The following week we turned up to rehearse and were greeted with a bunch of tunes Graham had written on Porty. They were complete, start to finish....drums, bass, two guitars, keyboards and vocals!! We were amazed and buzzing.

From memory they included 'Psychopath in my soup', 'Candydiosis', 'Picnic in the sky', 'Jilted' and a cover of Hawkwind’s 'Orgone accumulator'. Wow!

We loved them, changed direction and called ourselves 'Pop Will Eat Itself'.


band photo


Previously we spent many hours in Grahams' mom and dad's kitchen drinking tea and eating toast in an attempt to avoid rehearsing. We would spin an old guitar scratch plate in the shape of a hairy sideburn to dictate the days work.

Whoever the scratch plate pointed to would have to make the next tea, the next toast or go to the shop.

There was also a compass direction dedicated to the lost art of rehearsing. We rarely allowed such a chance happening, finding any way to avoid such a thing by making it 'best of 3, best of 5, best of 7 or best of 10' in an attempt to put off any likelihood that we may have to actually do some work.

Everything had to have a name so we called the scratch plate the 'magic-sidey'.


After hearing these new tracks our love affair with the 'magic-sidey' waned, it was considered 'old skool', we desperately wanted to learn and play the new songs.

By now i had presumably regressed to trading in my 'Roland' keyboard for a really cool 'Vox' organ that was orange in body whilst it's white keys were black and it's black keys were!!.

It had a chunky polished stainless steel stand and was the size of a small country but i loved it!

We had a gig at the end of the week supporting a band in a pub on the Stratford Road in Birmingham.

Things were going well and Graham turned to me and said,


"Can you get a guitar before Friday?"

"I want you to play some simple guitar riffs over Clint's chords".


I replied i couldn't play guitar to which Graham replied neither could he till last weekend so i said yes, found a white Les Paul copy in a thrift shop for £50, just like the one Steve Jones played in the Sex Pistols. Only thing was, his was a real Gibson!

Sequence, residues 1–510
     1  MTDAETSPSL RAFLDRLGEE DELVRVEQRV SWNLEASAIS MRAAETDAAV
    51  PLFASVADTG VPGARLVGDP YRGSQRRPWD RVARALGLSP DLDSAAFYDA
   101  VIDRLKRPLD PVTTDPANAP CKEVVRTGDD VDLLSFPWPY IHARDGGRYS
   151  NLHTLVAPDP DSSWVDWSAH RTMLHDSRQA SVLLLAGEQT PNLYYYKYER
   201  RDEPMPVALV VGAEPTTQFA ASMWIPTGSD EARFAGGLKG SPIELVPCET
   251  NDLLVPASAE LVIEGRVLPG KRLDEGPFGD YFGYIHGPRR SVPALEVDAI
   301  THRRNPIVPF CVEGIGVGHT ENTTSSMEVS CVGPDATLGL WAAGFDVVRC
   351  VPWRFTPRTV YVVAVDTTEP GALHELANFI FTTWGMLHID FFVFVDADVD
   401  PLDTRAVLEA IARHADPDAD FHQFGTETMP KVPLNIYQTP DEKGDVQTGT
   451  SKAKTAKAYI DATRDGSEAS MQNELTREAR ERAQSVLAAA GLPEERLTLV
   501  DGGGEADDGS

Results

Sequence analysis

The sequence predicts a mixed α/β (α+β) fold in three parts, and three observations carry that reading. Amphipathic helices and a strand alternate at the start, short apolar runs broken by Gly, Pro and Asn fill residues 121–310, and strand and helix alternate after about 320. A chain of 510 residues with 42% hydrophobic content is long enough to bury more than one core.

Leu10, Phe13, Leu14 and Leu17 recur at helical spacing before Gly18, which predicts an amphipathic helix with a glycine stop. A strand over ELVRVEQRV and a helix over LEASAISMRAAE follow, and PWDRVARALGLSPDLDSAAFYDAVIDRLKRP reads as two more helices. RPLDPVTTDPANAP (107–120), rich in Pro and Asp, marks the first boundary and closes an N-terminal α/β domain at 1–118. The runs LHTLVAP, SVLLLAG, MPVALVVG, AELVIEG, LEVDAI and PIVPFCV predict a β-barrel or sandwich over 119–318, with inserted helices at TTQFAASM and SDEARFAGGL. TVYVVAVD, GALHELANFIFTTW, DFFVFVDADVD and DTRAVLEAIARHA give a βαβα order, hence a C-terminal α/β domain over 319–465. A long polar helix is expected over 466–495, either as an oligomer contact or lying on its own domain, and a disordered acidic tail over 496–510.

Graham had an old amp that we put the keyboards through at rehearsals. It had no name and looked like he had made it at school in art. But it worked....just!

I had two days to learn guitar. I played that Friday in Birmingham and loved it. I was now a guitarist just like Keef Richard, just like Mick Jones, just like Joe Strummer, just like Pete Shelley.


Every weekend Graham would have new tunes and soon Clint started writing stuff. These included 'Sick little girl' and 'Inside you'. This was our 'new style'.


your prats tour poster


Armed with numerous sub two minute tunes, a single in a brown paper bag, a band photo under the banner 'you prats' ( letters re-arranged on a recently bankrupt local poodle parlour), help from bands such as Primal Scream, the Shop Assistants and the Mighty lemon drops along with support from national music journalists including James Brown and Terry Staunton and airplay from Radio 1 DJ's John Peel and Janice Long, Pop Will Eat Itself were on their way.


Very soon Birmingham Odeon would host the 'Beastie Boys'. Pop Will Eat Itself were there and we loved it. Overnight we wanted more. It was new, fresh and exciting!

We had a tour looming and we were desperate to incorporate this 'newer style'. Graham no longer wanted to play drums and we rapidly  

re-arranged a number of tunes and tried to bring in new songs that reflected our new found love of drum machines.

In all honesty the tour arrived too soon and the early gigs in particular were perhaps shambolic and reflected the transitional period we were going through.

We did try to hide this by playing the encores with our dicks out. We never really found out if anyone noticed as we had strategically placed guitars but it helped pass the time of day........ 


The album 'Box Frenzy' i think reflected this transitional period......happy days.

love missile